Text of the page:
Usury’s cursed profits ‘derived from the blood of workers and businessmen’

Archbishop Charles Scicluna’s strong condemnation of usurers in his homily during Sunday Mass on 25 October has inspired an impassioned debate on the tragic reality that is usury in the latest edition of Andrew Azzopardi on 103.

The Archbishop had warned usurers that “their money is cursed,” and that he too would curse it.

Participating in the debate at 103’s studios with Prof. Azzopardi were three people who work with victims of usury through Caritas: Fr John Avellino, who helped found Caritas’ Foundation for Victims of Usury, social worker Bernadette Briffa and Louis Beliizzi, a retired businessman who has been volunteering for the past 8 years.

Bellizzi highlighted shocking repayment arrangements: people could often expect to pay 50% interest within six months, translating to a 100% annual interest rate. But higher interest rates were not unheard of.

Some employed even worse practices: charging a monthly fee until debtors can manage to repay the original loan in one lump sum. Consequently, people could end up repaying their loan many times over and still not reduce their debts by a single cent.

‘The fruits of injustice’

In a call to the programme, Archbishop Scicluna also phoned in, emphasising that while he did not curse usurers personally – “I can only bless people, not curse them” – any profits made from usury were inherently cursed.

“You should not enjoy the fruit of injustice,” he said, later adding that the profits were “derived from the blood of workers, of businessmen.”

The Archbishop had also chose to mention the legal maximum interest rate according to Maltese laws – a maximum of 8%. Asked to elaborate on this, Mgr Scicluna recalled that Caritas kept this legal limit in one of the ways it sought to help usury victims: by helping them repay their loans.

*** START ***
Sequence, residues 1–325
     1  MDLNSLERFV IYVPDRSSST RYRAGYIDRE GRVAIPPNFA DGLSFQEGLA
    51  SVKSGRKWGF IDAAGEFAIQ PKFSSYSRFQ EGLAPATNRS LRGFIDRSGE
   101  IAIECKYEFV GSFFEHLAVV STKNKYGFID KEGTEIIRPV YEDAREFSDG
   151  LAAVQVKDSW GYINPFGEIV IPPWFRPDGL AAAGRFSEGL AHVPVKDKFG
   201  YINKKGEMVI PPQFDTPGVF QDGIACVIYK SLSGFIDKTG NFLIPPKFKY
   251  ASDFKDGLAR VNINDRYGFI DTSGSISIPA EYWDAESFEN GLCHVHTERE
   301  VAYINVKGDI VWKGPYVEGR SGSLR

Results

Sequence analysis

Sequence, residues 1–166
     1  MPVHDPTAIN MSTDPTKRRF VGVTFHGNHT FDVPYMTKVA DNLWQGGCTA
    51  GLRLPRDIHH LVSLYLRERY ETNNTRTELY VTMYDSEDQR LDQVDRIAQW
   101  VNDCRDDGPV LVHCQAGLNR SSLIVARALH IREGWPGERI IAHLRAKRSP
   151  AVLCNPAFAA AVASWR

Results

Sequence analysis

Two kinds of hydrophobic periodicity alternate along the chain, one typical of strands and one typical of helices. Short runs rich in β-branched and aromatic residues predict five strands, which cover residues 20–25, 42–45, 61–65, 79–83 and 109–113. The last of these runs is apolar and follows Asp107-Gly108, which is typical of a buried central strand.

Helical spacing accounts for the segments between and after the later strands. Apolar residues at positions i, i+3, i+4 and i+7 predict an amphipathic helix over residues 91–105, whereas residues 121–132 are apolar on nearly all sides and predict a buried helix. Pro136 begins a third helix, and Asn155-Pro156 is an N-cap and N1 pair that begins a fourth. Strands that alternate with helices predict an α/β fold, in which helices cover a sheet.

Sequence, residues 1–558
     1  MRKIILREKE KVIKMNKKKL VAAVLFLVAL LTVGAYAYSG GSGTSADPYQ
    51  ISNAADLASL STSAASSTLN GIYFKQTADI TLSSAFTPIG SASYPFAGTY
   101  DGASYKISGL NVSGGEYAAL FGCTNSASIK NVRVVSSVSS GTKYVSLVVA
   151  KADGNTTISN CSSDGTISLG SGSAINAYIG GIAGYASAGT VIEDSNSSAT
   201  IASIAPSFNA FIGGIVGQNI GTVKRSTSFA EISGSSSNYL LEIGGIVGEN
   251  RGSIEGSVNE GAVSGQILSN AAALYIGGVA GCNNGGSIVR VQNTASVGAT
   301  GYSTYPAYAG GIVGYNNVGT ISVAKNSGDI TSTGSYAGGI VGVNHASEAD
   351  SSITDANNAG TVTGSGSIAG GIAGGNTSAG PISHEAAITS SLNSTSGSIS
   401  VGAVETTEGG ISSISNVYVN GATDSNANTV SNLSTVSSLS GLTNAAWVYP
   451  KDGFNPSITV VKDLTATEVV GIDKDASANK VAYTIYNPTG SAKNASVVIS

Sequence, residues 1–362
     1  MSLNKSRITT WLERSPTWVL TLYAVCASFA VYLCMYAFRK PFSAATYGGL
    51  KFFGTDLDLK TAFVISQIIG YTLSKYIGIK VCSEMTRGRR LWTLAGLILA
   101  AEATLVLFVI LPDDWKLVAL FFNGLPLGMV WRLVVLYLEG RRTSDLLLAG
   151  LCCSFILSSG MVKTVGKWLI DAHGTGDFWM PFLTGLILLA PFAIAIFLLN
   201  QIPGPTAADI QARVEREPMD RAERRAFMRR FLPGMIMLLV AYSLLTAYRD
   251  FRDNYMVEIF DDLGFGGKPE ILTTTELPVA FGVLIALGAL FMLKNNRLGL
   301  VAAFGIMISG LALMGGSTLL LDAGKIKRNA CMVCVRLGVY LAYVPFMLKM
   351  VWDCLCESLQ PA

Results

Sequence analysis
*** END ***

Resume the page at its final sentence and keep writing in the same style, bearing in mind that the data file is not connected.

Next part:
Helping usury victims get back on their feet

Bellizzi has been involved in such negotiations for years: in the context of professional secrecy, usurers are approached and persuaded to accept no more than the legal maximum interest, and a repayment programme is drawn up according to the victims’ financial situation. The payments are processed through Caritas, who receives a receipt.

It’s a complex process, not least because paperwork is often absent: victims tend not to keep track, and loan sharks, at the very least, claim not to. Even determining how much was borrowed is often not a simple affair, as victims often ended up borrowing on multiple occasions.

Bellizzi also observed that usurers were aware of the high risks involved in lending to people in desperate situations, and highlighted that they often cited the need for gentlemanly behaviour (irġulija) when they insisted on the loans being repaid.

“As though extorting others is gentlemanly,” he quipped.

Covid-19 may drive people to usurers

At the start of the programme, Prof. Azzopardi asked the panel why people would seek usurers in the first place, with Bellizzi highlighted that usury is generally the consequence of another problem that has left its victims desperate for funds.

While addictions can certainly play a role – Bellizzi suggested gambling may be the worst culprit – he also observed that people may be victims of their own circumstances.

With this in mind, the Covid-19 pandemic has been contributing to such problems, with many suffering a drastic drop in income.

Fr Avellino highlighted other circumstances, mentioning an elderly woman who borrowed money to help send her daughter to surgery in the UK.

Owners of struggling businesses may also end up victims of usury in a desperate bid to save their business.

But the panel also agreed on another problem that may be driving usury: people living beyond their means, seeking to keep up with their peers. In such situations, they may stop keeping up with their bills, and an ensuing power cut may drive them into the village square, where, as Fr Avellino explained, the loan sharks are generally well known.